Fengshui is about qi flow and water mouth and based on sound specific principles. Some of the most ridiculous “kitchen Fengshui” myths that we came across (especially in western “Fengshui” books) are as follows:
a) Kitchen knives, forks, and scissors cannot be seen openly as they cause conflict. They should be kept in the drawers. The only reason for this has nothing to do with Fengshui but more to do with the safety of the children in the house.
b) This perpetual myth about water and fire clash. This is taking the Five elements too literally. In the first place, the sink and stove will almost never be side by side as there is always a gap in between. What about facing one another? If we extend this silly myth, there is also the metal and earth clash. So your rice container should not be facing any metal sink or what noth? And is the metal sink a water or wood element? What about those combination washing machine with the dryer? Fengshui is not superstition. If it makes you feel safer psychologically, then buy a green colour chopping board and place it in between. (this uses the bazi concept of arbitration （通官). For us, we don’t think it really matters.
c) The kitchen stove must not be in front of a window and back face a wall. Just google this and you come across a ridiculous picture of a stove with a wall backing in the middle of a row of windows. While there is some truth in that a stove directly in front of the window may cause some difficulty in saving for a rainy day, this is not a big problem and can be mitigated with sound financial measures and other macro measures. Imagine how ridiculous your kitchen will look if you suddenly see a wall amongst a row of windows. Please do not degrade the image of Fengshui practitioners by perpetuating such myths.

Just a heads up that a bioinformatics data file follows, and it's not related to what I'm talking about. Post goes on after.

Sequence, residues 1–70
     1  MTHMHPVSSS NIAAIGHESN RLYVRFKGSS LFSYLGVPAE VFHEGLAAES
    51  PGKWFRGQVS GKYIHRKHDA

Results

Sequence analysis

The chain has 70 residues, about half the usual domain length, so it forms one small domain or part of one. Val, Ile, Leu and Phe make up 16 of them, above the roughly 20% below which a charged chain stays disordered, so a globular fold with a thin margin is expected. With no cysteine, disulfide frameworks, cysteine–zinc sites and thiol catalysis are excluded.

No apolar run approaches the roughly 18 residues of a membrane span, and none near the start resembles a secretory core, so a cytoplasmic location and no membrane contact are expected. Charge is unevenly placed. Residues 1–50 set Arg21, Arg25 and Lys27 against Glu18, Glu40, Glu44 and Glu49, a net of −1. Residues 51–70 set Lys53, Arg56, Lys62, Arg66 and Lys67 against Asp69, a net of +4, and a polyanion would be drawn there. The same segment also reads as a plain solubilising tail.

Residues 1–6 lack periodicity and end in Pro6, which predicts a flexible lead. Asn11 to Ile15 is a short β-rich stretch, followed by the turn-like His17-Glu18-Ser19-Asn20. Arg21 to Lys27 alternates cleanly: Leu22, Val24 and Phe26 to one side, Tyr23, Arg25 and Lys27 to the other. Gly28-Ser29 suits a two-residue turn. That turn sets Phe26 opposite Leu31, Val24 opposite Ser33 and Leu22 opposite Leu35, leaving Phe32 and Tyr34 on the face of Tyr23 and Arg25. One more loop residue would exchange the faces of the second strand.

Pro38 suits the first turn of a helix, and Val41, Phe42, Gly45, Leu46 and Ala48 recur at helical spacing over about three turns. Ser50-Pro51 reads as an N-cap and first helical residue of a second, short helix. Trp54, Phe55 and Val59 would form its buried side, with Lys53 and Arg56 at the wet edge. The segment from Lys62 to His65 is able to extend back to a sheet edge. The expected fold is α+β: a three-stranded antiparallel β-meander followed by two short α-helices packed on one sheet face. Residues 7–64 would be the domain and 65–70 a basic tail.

d) There is another saying about not keeping sharp under the stove. This is again a myth and any impact (if any) are some inconsequential. That said, one should try to keep that part clean; no dirty or discarded newspapers. This is more of a fire and health hazard.
e) What about the colours. Pseudo Fengshui “masters” either suggest painting the kitchen accordingly to the sector that it is located or to avoid blue (which clashes with the fire in the kitchen). This is total nonsense again and has no bearing on authentic Fengshui. Besides with the popularity of induction and even portable induction cookers, modern-day stoves are very different from the past.
f) The number of burners does not equate to the number of mistresses. Seriously, we do not know where did that nonsense come from? Since modern-day burners generally have two or three burners, does that mean that most of us have 2 or 3 mistresses? And no, having a mirror to reflect the food or fire has no bearing on your wealth and prosperity. Neither does hanging wholesome pictures of food in the kitchen or dining area helps. If only, it is that easy.
Proper kitchen Fengshui can only be applied in either the San Yuan way (to position key appliances (such as the stove) in accordance to favourable flying stars direction/combination (Usually Stars 1,6,8) or the San He way (to notice the incoming/outgoing qi flow and to measure the Xue (meridian direction using the Fengshui compass). There may be some minor inconveniences caused by some bad structural issues etc but we believe that a positive macro environment will mitigate or resolve these issues. Life isn’t perfect, isn’t it?
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May the positive energy be with you.